(Although the 2012 season came to an end just days ago, it's never too early to look ahead to 2013 and that's exactly what Crystal Ball Run will do over the coming weeks with our 'Way Too Early' 2013 Top 10. Understand, these rankings are subject to change over the course of the off-season, and as injuries, suspensions and transfers alter college football's best teams. But for now, here's a look at how we expect things to play out.)
CBR 'Way Too Early' 2013 Top 10
No. 10 Florida Gators
After a disappointing 7-6 opening campaign for Will Muschamp in 2011, many in Gainesville- and across the country for that matter- wondered if the former Texas defensive coordinator had the chops to handle a head coaching job as heavy as Florida’s.
Well in year two Muschamp proved he could do just that. The Gators went 11-2 overall in 2012 with a staggering number of quality wins, including victories over Florida State, LSU, South Carolina and Texas A&M. Not one in college football could match the Gators’ 2012 regular season run.
Still, in the same way Florida entered 2012 with uncertainty, they will do the same in 2013.
The Gators were already set to lose a number of talented seniors, and then were hit in recent days with departures from many of their top underclassmen as well. Florida certainly won’t be “bad” by any means (we do have them ranked in our Top 10 after all), but they aren’t the BCS National Championship favorite they could’ve been either.
Regardless, as we head into the off-season, here’s what you need to know about the 2013 Florida Gators.
The Good: For Florida it all starts with quarterback Jeff Driskel, who evolved into one of the better dual-threat quarterbacks in college football in 2012. He finished the regular season with four rushing touchdowns to go along with 12 more through the air.
On defense, the Gators should also once again be pretty darn good with a number of impact players back in the fold. Dominique Easley will be back on the defensive line and will be joined by the surprising Dante Fowler, who finished with 8.5 tackles for loss and 2.5 sacks. The defensive backfield will be anchored by the quietly efficient Loucheiz Purifoy and Jalen Watkins.
Most importantly, one of college football’s top ranked recruiting classes should help plug any glaring holes the Gators have entering 2013.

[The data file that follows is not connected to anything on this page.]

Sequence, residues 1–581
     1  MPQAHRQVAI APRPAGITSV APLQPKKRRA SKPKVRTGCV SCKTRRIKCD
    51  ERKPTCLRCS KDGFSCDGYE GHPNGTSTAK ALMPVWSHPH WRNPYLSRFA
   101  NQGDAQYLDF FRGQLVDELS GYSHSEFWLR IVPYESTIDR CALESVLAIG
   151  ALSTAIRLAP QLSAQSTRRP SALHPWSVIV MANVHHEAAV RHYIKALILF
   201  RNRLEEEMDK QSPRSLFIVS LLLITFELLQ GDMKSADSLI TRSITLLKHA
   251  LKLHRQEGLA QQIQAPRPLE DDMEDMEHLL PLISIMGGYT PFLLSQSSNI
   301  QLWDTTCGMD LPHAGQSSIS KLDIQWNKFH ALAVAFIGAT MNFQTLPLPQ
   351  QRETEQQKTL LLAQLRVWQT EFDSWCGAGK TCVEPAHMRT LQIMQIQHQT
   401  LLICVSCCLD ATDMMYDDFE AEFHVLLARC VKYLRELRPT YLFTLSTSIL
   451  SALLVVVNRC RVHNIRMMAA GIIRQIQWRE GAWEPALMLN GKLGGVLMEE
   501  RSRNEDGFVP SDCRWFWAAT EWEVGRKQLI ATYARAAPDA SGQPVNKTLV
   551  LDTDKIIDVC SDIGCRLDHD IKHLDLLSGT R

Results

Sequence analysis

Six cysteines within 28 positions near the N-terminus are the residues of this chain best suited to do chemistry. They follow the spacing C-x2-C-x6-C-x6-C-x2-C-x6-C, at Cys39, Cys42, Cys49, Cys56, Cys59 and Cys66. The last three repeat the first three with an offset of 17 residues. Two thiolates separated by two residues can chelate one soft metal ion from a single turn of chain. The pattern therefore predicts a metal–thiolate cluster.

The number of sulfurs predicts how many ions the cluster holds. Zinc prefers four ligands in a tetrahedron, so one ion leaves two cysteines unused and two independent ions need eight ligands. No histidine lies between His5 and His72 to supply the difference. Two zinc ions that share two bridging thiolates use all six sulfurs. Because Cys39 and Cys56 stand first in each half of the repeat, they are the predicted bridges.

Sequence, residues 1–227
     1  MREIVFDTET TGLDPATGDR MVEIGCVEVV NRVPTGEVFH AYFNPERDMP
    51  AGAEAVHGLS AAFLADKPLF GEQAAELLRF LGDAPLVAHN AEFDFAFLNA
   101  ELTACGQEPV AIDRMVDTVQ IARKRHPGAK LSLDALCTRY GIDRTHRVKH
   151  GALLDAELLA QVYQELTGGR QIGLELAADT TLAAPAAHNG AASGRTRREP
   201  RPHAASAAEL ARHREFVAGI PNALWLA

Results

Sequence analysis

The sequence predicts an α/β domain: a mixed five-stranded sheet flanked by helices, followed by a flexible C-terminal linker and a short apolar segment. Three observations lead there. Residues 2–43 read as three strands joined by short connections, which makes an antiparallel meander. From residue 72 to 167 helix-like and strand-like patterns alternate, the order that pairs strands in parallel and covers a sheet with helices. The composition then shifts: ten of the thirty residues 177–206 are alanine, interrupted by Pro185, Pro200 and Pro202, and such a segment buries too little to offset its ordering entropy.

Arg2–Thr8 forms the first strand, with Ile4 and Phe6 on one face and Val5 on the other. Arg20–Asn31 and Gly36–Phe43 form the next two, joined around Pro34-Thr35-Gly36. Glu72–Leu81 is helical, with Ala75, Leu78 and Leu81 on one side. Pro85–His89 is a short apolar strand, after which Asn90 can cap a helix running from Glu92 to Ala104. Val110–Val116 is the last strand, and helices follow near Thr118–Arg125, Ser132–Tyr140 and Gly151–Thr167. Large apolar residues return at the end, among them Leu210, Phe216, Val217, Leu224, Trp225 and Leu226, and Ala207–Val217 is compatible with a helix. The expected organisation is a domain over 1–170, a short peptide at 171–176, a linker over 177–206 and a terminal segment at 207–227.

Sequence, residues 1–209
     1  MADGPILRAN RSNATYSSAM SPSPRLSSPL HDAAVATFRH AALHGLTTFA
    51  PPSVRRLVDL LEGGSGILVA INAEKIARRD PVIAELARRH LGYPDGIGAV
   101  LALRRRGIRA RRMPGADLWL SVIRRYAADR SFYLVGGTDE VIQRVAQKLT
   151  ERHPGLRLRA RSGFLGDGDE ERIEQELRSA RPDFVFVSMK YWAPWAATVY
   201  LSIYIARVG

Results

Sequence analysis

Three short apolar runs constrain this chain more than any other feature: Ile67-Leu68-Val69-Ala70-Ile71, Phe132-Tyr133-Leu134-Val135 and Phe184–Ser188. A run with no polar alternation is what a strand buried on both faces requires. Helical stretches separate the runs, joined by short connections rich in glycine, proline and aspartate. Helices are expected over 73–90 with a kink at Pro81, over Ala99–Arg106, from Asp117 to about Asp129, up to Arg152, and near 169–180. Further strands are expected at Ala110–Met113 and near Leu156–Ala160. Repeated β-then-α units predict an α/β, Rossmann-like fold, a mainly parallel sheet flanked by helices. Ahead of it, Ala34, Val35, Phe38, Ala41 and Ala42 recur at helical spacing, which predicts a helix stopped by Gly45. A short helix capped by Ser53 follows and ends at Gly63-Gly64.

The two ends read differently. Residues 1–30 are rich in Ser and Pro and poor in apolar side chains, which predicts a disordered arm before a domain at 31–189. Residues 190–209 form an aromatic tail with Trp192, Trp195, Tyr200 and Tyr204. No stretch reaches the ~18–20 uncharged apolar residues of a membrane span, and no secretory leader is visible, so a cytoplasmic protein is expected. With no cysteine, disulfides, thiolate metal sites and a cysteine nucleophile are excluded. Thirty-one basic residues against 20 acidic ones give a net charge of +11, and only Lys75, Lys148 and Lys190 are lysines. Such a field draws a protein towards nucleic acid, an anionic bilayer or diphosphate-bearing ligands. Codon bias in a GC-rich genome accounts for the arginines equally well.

The Bad: As good as Florida’s defense is projected to be in 2013, it could’ve been great had a few NFL decisions gone the Gators’ way. Defensive back Matt Elam, lineman Sharrif Floyd and linebacker Jelani Jenkins all elected to go pro, limiting the scope of depth and talent for Florida on that side of the ball. Add those losses with the departure of seniors Josh Evans (the team’s leading tackler), Jon Bostic and Omar Hunter, and this Gators’ defense simply won’t look the same in 2013 as it did in 2012.
Let’s also not forget that the early declaration bug also hit this offense, where tight end Jordan Reed declared, leaving a dearth of playmakers on that side of the ball too. Reed- the Gators’ leading receiver- will be missed, especially with the departure of Mike Gillislee, Florida’s leading rusher.
Looking at this in the big picture, Florida seems suited to handle their losses on the defensive side of the ball. It’s not yet clear if they have proven playmakers to replace Reed and Gillislee though.
The Uncertain: There are plenty of uncertainties entering the season but one to keep an eye on could be the status of Ronald Powell. As easy as it is to forget now, Powell was once the No. 1 ranked high school player in the country, and finished the 2011 season with nine tackles for loss and six sacks before missing of all of 2012 with a knee injury.
Powell’s return should help offset the loss of both Floyd and Hunter up front.
The Verdict: Had Reed, Elam, Floyd and (to a smaller degree) Jenkins returned, a strong argument could’ve been for Florida as one of the BCS National Championship favorites entering 2013, if not the favorite overall. Without them, the Gators remain in the conference’s upper-tier with Alabama, Texas A&M, Georgia and a few others, but certainly have their work cut out for them.
In the broader picture, the big questions for Florida come on the offensive side of the ball: Can Driskel continue to develop at quarterback, and can they find playmakers to help him out? Also, can the Gators survive another brutal schedule which includes trips to LSU, South Carolina and Miami.
If the Gators can find answers to those questions, they could find themselves in the BCS title picture. If not, another good- but not great- season seems likely.
For all his opinion, insight and analysis, please follow Aaron on Twitter @Aaron_Torres.